I started writing this post back in December of 2011. By “started writing,” I mean there was a title (inspired by Adele’s eponymous song) and a bunch of white space.
So, December 2011. I was five months postpartum. I’d been seeing a counselor, which was helping, but I was still well-stuck in the snares of postpartum depression.
Adele’s hit song, “Someone Like You,” was released in 2011, and from the beginning, it was a tear-jerker for me (apparently I’m not the only one, see this interesting WSJ piece on the use of appoggiatura in music). In the months after G’s birth, it became deeply personal. And I don’t mean I got a little bit teary, I mean sobbing, to the point that when it came on in the car, I probably should have pulled over.
For me, the words weren’t about finding another lover, but about finding myself again, and not the sad, depressed, wanting to go back in time self. I couldn’t go back to my pre-C-section, child-free self, I had to figure out how to move forward. Slowly and surely, with help from a lot of people (and with a few bumps, like the winter of 2012), that has happened.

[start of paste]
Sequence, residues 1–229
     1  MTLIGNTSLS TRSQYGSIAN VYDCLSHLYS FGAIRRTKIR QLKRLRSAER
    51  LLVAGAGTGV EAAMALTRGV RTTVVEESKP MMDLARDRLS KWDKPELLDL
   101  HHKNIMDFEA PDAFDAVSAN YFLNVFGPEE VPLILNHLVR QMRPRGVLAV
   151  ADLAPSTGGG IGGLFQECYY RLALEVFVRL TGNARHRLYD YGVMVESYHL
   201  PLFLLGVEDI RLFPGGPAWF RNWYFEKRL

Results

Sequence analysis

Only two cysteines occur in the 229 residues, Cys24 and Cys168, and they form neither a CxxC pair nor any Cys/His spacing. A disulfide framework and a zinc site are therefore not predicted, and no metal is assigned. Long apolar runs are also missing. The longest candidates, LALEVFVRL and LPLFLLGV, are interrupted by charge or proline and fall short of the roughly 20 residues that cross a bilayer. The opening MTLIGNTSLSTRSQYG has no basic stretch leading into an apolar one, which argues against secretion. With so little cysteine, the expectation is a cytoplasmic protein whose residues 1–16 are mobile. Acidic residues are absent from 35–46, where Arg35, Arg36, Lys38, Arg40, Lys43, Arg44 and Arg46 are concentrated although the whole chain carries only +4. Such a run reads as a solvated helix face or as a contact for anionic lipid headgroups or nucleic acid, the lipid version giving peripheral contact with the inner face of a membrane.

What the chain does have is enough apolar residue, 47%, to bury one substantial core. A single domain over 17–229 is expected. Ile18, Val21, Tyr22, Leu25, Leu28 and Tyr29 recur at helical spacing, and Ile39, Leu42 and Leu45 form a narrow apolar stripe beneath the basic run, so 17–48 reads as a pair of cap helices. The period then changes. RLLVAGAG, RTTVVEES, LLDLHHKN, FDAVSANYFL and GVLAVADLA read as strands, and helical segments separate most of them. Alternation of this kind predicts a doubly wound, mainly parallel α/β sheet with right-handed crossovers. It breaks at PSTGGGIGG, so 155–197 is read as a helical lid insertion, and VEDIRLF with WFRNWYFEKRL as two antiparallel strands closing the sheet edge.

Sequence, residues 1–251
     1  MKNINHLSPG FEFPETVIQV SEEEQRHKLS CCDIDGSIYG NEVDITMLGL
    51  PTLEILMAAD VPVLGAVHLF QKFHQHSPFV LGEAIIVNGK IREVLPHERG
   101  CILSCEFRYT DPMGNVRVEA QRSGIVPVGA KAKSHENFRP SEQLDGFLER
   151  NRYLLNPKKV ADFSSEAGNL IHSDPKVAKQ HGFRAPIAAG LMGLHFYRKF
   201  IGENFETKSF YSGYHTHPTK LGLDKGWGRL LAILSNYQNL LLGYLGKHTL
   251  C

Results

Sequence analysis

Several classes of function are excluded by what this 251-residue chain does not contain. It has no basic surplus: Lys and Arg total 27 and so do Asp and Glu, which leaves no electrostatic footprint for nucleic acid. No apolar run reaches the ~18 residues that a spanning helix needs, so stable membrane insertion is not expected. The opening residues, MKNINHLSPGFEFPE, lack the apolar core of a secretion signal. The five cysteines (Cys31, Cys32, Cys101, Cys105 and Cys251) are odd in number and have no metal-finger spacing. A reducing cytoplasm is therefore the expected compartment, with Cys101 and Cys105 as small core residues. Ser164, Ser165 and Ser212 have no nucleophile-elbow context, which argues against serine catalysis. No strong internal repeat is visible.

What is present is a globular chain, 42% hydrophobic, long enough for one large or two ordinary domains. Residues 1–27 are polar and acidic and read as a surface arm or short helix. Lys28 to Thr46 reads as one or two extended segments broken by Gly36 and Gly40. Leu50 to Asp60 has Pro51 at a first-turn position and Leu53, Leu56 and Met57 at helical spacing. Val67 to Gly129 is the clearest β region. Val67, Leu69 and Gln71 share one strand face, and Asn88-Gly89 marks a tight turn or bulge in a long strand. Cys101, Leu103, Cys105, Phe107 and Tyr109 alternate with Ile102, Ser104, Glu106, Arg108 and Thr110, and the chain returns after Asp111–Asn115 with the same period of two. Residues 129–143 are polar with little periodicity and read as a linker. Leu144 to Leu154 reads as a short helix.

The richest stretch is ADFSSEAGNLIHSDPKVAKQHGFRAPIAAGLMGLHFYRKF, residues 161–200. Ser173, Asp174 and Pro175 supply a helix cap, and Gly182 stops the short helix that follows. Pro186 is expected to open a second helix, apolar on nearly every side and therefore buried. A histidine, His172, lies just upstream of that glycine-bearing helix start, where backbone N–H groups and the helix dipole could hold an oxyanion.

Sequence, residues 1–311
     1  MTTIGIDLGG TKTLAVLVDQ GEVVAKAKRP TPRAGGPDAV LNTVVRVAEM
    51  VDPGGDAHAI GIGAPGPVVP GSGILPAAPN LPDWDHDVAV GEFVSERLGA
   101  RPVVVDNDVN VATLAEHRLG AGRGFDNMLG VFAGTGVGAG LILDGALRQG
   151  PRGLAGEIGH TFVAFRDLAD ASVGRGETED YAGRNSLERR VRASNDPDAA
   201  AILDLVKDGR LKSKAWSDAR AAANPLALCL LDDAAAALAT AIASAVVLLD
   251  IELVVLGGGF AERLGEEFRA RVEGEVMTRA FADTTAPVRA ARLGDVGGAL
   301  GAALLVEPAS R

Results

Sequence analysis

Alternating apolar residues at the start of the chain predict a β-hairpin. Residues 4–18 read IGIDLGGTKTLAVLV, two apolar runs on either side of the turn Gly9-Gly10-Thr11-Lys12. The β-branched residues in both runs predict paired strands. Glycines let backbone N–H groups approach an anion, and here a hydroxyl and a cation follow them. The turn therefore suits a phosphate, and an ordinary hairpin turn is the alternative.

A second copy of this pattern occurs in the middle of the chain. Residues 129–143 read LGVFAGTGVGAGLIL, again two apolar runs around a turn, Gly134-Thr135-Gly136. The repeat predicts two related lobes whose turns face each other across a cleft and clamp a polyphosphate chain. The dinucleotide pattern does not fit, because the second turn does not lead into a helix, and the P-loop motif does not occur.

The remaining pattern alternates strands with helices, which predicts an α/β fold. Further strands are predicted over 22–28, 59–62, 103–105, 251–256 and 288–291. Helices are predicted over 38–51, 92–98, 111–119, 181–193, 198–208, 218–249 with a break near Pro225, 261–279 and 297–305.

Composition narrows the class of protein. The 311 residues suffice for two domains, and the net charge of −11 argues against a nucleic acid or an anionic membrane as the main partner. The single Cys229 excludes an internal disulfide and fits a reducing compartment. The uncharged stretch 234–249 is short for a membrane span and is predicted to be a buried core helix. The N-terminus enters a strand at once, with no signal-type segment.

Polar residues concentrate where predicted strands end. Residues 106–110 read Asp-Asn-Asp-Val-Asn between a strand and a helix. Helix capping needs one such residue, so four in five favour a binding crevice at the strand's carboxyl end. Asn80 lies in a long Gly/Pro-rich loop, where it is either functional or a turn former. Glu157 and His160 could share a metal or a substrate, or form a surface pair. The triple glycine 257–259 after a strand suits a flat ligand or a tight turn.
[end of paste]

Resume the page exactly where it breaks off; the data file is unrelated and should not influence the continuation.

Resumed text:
For me, 2014 felt like a real turning point.
Matthew and I acknowledged the many ways that my depression had affected our relationship (in addition to the normal affects of having a child), and we sought help. We had already started working with John Gottman’s book Seven Principals for Making Marriage Work, and we found a local therapist who had trained in Gottman’s methods. Turns out that staying married, especially staying happily married, takes work, ya’ll.
Individually, I completed the Mindfulness Based Stress Reduction course and integrated mindfulness practice into my daily life. This, too, is work. It’s not a cure-all, and it requires real commitment, but I’ve seen real changes.
Back to the title of this post — in late October, I was driving home from the final MBSR course. I often enjoyed driving in silence after class, but at some point that night, I turned on the radio. When I was within two blocks of home, “Someone Like You” came on, and it felt like a sign. I parked and the tears flowed. But it felt different this time, mostly happy tears.
Sitting there, I felt like I had finally found the “someone like me” that I’d been searching for — someone scarred, but stronger. Someone who wasn’t wishing for a different, long-gone life. Someone living in the present.